Tag Archives: FEI Clean Sport

FEI Clean Sport on www.inside.fei.org

Lausanne (SUI), 31 May 2017 – In order to make all information about FEI Clean Sport more easily accessible, we have aggregated everything about Clean Sport for Humans and Clean Sport for Horses under one roof.

The Clean Sport button at the top of the home page on inside.fei.org now takes you directly to all the FEI Clean Sport information, together with details about testing, test results (both positive and negative) and FEI Tribunal cases and decisions.

Once you’ve accessed the landing page: http://inside.fei.org/fei/cleansport, you can choose between Clean Sport for Horses: http://inside.fei.org/fei/cleansport/horses and Clean Sport for Humans: http://inside.fei.org/fei/cleansport/humans.

We hope this will make your FEI Clean Sport journey more user-friendly.

FEI Media Contact:

Ruth Grundy
Manager Press Relations
Email: ruth.grundy@fei.org
Tel: +41 787 506 145

FEI President Celebrates Top Equestrian Sport and Clean Games at Rio 2016

Lausanne (SUI), 27 August 2016 – FEI President Ingmar De Vos had double cause for celebration after confirmation that all human and equine samples taken during the Rio 2016 Olympic Games had returned negative.

“Keeping our sport clean is a central part of our daily work at the FEI, but to have back-to-back clean Games in London and Rio is something for any sport to be proud of, especially as we were testing for more substances than ever before,” the FEI President said. “And that’s on top of absolutely brilliant equestrian sport in Rio, so we really have something to celebrate!”

A total of 60 equine samples – 30% of the 200 competing horses – were tested during the Games. The samples were sent to the FEI’s Central Laboratory in Newmarket (GBR), one of the five FEI Approved Laboratories worldwide, with the final batch of results returned to FEI Headquarters.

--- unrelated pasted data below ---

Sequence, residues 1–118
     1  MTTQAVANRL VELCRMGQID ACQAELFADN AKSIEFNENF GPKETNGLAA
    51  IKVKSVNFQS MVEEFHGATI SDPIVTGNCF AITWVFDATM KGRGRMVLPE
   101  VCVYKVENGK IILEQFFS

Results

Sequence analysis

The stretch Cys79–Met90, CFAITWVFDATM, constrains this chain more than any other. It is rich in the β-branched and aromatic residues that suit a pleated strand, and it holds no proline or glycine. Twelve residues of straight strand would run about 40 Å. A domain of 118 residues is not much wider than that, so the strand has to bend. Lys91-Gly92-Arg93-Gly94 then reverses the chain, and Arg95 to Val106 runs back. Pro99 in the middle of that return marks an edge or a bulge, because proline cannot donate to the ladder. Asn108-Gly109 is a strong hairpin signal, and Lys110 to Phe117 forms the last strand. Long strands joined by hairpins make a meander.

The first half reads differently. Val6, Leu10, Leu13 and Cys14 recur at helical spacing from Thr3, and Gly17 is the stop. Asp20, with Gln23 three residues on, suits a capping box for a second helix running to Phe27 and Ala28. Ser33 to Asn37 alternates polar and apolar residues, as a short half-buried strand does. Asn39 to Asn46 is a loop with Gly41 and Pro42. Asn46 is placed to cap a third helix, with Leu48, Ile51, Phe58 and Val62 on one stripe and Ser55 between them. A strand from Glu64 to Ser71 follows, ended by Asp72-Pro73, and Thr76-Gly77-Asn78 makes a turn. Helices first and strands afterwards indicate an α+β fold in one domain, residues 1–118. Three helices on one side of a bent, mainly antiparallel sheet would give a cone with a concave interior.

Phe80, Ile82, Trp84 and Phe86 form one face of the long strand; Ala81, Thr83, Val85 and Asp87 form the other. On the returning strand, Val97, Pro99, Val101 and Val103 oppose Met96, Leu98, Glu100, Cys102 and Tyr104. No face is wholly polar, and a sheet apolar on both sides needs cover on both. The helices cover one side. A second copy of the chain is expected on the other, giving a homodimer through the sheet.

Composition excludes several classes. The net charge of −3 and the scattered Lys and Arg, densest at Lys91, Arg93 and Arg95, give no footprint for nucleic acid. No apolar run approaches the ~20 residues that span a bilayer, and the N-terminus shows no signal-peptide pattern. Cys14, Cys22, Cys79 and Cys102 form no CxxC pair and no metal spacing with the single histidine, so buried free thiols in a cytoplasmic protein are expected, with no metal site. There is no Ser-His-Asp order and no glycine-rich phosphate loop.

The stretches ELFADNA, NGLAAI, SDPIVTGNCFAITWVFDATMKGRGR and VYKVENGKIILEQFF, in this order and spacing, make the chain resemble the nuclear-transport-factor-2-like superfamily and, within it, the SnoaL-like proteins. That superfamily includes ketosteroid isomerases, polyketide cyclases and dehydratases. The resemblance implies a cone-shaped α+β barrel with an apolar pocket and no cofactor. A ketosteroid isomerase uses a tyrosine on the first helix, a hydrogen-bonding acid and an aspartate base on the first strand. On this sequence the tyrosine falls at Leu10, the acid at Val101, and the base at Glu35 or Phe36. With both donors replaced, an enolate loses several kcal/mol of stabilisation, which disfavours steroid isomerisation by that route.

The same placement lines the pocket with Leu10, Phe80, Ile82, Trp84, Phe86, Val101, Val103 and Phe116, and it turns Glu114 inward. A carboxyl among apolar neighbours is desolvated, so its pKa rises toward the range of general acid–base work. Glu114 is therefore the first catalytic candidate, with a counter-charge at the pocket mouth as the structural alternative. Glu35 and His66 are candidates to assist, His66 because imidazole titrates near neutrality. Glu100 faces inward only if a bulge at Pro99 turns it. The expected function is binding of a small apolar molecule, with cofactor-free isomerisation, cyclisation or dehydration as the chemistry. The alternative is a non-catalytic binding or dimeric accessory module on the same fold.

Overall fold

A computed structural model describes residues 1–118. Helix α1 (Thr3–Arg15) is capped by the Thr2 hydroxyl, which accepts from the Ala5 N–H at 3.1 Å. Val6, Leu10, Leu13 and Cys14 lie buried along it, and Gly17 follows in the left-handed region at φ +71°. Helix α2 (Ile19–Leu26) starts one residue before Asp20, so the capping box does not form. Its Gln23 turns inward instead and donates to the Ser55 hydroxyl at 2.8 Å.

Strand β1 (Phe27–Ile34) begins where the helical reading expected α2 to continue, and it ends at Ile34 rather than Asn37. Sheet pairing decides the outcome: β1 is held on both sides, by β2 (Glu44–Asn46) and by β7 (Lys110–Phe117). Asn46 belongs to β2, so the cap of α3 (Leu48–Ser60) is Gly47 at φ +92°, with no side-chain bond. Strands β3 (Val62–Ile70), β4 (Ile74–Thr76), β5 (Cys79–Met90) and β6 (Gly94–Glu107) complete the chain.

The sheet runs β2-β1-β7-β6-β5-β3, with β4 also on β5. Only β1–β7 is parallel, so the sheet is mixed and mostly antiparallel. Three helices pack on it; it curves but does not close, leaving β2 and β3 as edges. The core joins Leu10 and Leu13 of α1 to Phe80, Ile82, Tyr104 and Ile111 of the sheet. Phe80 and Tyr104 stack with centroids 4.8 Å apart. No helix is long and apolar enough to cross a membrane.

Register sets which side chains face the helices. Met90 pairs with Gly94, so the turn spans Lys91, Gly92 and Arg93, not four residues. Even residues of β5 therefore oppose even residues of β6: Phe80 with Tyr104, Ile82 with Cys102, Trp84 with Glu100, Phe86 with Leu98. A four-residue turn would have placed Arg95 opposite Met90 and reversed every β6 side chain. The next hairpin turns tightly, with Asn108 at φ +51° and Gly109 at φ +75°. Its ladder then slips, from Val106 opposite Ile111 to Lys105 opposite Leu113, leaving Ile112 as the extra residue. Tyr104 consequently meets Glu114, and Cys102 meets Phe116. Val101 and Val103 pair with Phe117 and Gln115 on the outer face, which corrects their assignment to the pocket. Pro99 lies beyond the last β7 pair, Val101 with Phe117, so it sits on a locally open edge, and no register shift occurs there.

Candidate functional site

Human testing, which is conducted by the IOC during the Olympic Games, also returned 100% negatives for the equestrian athletes that were sampled.

“The sport in Rio was just incredible,” Ingmar De Vos said. “Two Olympic champions not only successfully defended their London 2012 titles, but they did it on the same horse, which is a fantastic achievement. Germany’s Michael Jung won with Sam in Eventing, and the British combination of Charlotte Dujardin and Valegro topped an all-female podium in Dressage, just as they had four years ago in front of their home crowd. And the IOC President Thomas Bach was there to see them do it.

“Switzerland’s Steve Guerdat was also bidding to do the same, but he hit the first fence in the jump-off for gold with his 2012 winner Nino des Buissonnets to finish fourth and out of the medals.

“So we finished the Games with a six-way battle against the clock and Britain’s Nick Skelton, became the oldest Olympic Jumping champion in history at the age of 58, taking gold with Big Star. Both Big Star and Nick Skelton have to overcome serious injury problems, so it shows that strength of character and determination really are key to winning at the highest level, no matter what the sport.

“And our team competitions were just as thrilling. France took team gold in both Eventing and Jumping. The Eventing team win was the first gold of the 2016 Games for France, and the winning French Jumping team included Philippe Rozier, son of Marcel Rozier, who was on the gold-medal team in Montreal 1976, so there were lots of very proud French supporters!

“Germany has always been the team to beat in Dressage. They had 12 Olympic team golds coming into Rio, although the British had claimed the title in London, but things were back to normal this time with Germany out in front, and by a distance!

“We owe a huge debt of thanks to the Rio 2016 organising committee. They were working in very challenging circumstances, but they produced a fabulous venue that provided the perfect stage for our equestrian events, and which will be ideal for the Paralympics as well.

“We couldn’t have asked for more exciting sport and now to have confirmation that clean sport and fair play have also come out as winners is the icing on the cake! I couldn’t be happier!”

Equine Testing

Equine testing was conducted by the FEI at the Rio 2016 Olympic Games under the FEI Equine Anti-Doping and Controlled Medication Regulations (EADCMRs). Samples were tested for more substances than ever before.

All individual medallists’ horses were tested, plus all fourth-placed horses. Additionally, at least one horse was tested from medal-winning and fourth-placed teams. Random testing was also carried out, with horses being picked by computerised selection, and there was also targeted testing.